Monday, 18 February 2013

Petition launched against McAslan's Smithfield plans

SAVE Britain’s Heritage has launched an online petition against John McAslan & Partners’ contentious plans to overhaul Smithfield Market in central London.

According to project backer Henderson Global Investors, the scheme has been submitted for planning this week following ‘ongoing consultation and work with the City [of London] and English Heritage over the last two years’ and will transform the General Market, Fish Market and Red House into offices and shops.

However, despite amendments to initial designs revealed last October (AJ 12.10.2012), SAVE insists the revised McAslan plan is still a ‘thinly veiled application for an office development with only a nod towards conservation’ which will see the demolition of a ‘remarkable group of Victorian market hall interiors.’

The conservation group is now petitioning architecture and heritage minister Ed Vaizey to step in and is also demanding that recommendations from a public inquiry four years ago into the earlier, even more controverisal KPF proposals are adherred to (AJ 07.08.2008).

SAVE director Clem Cecil said: ‘A public inquiry into the proposed demolition of the general market in 2008 came down firmly in favour of the retention of the building.

‘The Inspector ruled that the buildings should be put on the open market, before demolition was allowed. Henderson’s must not be allowed to avoid this test.’

She added: ‘Henderson is making extraordinary claims about how much of the existing fabric it intends to retain. What they are actually doing is getting rid of about 90 per cent  of what is there – it is basically a new build within a skin.’

SAVE has also commissioned an alternative plan, drawn up by John Burrell of Burrell Foley Fischer, the scheme is being billed as a viable, conservation-led alternative to the Henderson concept for the unlisted market (AJ 14.11.2012).

Thursday, 14 February 2013

Conservationists fight £160m plan to turn Smithfield into 'foodie Neal’s Yard’

A £160 million plan to turn the long-abandoned western end of Smithfield Market into a new artisan “foodie” destination for the City has been submitted to planners.

Developers want to restore the run-down Victorian buildings known as the General Market, Fish Market and Red House, which have stood derelict and threatened with demolition for at least a decade.

They hope to attract “Neal’s Yard-type” delis, butchers, bakers and cheese shops to a district currently overlooked by tourists and residents but associated with supplying food to Londoners for 1,000 years.

However, conservation campaigners have condemned the scheme — known as Smithfield Quarter — because it will also involve building office blocks up to six storeys high within the former market buildings.  They say it is a “de facto demolition” only possible because the brick structures are not listed — unlike the more famous wholesale meat market at the eastern end of the complex.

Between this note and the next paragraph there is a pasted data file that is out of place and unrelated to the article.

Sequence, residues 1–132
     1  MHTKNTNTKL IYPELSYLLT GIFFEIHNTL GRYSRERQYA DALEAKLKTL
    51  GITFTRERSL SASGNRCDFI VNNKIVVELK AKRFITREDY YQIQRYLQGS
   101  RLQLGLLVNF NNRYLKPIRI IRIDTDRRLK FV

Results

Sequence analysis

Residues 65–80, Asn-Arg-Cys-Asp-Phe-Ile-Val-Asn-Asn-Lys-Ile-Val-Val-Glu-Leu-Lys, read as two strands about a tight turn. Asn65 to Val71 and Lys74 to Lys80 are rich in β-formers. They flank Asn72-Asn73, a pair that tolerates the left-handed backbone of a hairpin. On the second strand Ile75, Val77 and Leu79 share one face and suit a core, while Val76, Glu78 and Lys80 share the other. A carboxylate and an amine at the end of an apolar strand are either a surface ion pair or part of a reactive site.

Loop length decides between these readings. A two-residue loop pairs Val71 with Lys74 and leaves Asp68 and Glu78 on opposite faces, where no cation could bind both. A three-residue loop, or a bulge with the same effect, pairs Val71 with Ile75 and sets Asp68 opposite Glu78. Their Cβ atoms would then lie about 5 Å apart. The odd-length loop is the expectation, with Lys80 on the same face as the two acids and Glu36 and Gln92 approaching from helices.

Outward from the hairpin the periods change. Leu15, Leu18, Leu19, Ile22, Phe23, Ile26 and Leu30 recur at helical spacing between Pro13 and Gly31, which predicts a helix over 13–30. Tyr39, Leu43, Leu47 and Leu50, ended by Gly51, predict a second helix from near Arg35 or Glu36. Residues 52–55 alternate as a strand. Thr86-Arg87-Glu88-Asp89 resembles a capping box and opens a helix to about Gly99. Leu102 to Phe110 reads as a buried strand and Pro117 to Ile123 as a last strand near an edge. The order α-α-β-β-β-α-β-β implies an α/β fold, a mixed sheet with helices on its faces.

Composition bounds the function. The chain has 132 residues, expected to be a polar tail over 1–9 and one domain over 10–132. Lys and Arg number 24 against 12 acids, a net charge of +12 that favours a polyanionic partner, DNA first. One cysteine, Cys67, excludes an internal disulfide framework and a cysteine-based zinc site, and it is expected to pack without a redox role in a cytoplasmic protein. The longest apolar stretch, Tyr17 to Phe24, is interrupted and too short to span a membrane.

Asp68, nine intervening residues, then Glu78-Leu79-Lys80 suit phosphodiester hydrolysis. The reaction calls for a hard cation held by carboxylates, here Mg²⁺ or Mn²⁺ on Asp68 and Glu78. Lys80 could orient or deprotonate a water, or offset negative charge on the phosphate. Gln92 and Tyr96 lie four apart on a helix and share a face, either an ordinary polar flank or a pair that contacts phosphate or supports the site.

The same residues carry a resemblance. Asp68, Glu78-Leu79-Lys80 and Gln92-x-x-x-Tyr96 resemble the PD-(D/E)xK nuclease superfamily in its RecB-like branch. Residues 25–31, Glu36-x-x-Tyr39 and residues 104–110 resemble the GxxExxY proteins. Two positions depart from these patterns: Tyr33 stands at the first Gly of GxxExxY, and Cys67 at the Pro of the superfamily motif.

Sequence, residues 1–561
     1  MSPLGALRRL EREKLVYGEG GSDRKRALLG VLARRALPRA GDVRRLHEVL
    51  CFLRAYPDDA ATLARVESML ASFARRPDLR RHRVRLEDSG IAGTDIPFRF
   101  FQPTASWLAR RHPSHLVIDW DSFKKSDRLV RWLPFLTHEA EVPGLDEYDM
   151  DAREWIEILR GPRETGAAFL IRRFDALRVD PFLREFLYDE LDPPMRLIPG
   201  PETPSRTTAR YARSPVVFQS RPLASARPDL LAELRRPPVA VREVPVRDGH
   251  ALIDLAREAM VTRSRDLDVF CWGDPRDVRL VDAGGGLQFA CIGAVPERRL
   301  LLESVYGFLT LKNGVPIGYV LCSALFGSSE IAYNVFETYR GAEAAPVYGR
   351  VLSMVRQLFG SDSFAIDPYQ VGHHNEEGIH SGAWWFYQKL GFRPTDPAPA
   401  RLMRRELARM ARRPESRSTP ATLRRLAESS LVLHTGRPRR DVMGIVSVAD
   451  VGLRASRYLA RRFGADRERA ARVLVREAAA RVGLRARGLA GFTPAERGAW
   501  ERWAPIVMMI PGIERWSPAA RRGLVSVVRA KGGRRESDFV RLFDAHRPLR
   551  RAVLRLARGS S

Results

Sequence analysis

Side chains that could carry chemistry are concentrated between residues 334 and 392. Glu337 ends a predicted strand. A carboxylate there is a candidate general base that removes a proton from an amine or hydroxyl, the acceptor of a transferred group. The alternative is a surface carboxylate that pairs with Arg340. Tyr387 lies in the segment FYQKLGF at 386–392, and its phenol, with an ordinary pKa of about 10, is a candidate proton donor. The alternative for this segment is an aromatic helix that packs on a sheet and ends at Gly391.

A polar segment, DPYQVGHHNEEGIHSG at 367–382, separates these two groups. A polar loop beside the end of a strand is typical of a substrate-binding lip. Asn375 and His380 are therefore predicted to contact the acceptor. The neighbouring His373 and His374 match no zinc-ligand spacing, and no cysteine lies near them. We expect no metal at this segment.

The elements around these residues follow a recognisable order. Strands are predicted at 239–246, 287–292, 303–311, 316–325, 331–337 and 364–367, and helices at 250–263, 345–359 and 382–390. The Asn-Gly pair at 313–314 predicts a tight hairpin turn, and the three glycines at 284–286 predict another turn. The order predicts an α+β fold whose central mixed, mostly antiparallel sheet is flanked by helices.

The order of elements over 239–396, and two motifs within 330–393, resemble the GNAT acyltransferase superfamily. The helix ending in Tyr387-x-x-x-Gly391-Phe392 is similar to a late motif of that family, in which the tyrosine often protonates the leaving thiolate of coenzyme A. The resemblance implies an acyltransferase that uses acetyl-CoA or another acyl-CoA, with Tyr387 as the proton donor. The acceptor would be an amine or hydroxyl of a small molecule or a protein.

The Smithfield Quarter scheme is backed by fund management group Henderson Global Investors, which has a long lease on the buildings from the freeholder, the City of London Corporation, and says the inclusion of 170,000 square feet of office space is the only way of making it commercially viable.

The General Market perimeter would get 21 two-storey shops and restaurants with an internal public piazza beneath three office “pavilions”, with more shops and restaurants in the other buildings.

Geoff Harris, director of property development at Henderson, said: “Our proposals are a thorough and legitimate response to the challenges of putting these buildings back into proper, long-term, sustainable use.” The plans have been amended to ensure that they are more in keeping than earlier versions with the original historic design.  The proposal is likely to come before City planners this summer, with the opening in 2017.

Clementine Cecil, director of Save Britain’s Heritage, said the plan plays “fast and loose” with the history of the market buildings designed by former City surveyor Horace Jones. "We do not consider this a conservation project – it is a thinly veiled application for modern office blocks. "The interiors of this building, which was formerly an important public space, will all be removed, leaving only three sides of the original building."

The group’s “office-free” alternative involves turning the buildings back into traditional markets with basement exhibition and event space and it is considering submitting an alternative scheme to planners in the next month.